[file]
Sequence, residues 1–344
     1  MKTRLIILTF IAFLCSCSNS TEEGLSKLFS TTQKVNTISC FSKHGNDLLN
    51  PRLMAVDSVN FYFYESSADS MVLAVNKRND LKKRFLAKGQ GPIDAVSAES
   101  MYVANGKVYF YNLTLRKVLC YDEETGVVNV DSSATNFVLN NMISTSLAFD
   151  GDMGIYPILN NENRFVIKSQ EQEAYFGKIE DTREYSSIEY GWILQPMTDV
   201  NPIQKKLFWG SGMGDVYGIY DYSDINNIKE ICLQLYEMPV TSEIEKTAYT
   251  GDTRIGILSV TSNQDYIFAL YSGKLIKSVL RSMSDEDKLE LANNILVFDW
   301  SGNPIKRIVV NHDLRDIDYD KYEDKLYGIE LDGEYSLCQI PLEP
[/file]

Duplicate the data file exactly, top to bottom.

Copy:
Sequence, residues 1–344
     1  MKTRLIILTF IAFLCSCSNS TEEGLSKLFS TTQKVNTISC FSKHGNDLLN
    51  PRLMAVDSVN FYFYESSADS MVLAVNKRND LKKRFLAKGQ GPIDAVSAES
   101  MYVANGKVYF YNLTLRKVLC YDEETGVVNV DSSATNFVLN NMISTSLAFD
   151  GDMGIYPILN NENRFVIKSQ EQEAYFGKIE DTREYSSIEY GWILQPMTDV
   201  NPIQKKLFWG SGMGDVYGIY DYSDINNIKE ICLQLYEMPV TSEIEKTAYT
   251  GDTRIGILSV TSNQDYIFAL YSGKLIKSVL RSMSDEDKLE LANNILVFDW
   301  SGNPIKRIVV NHDLRDIDYD KYEDKLYGIE LDGEYSLCQI PLEP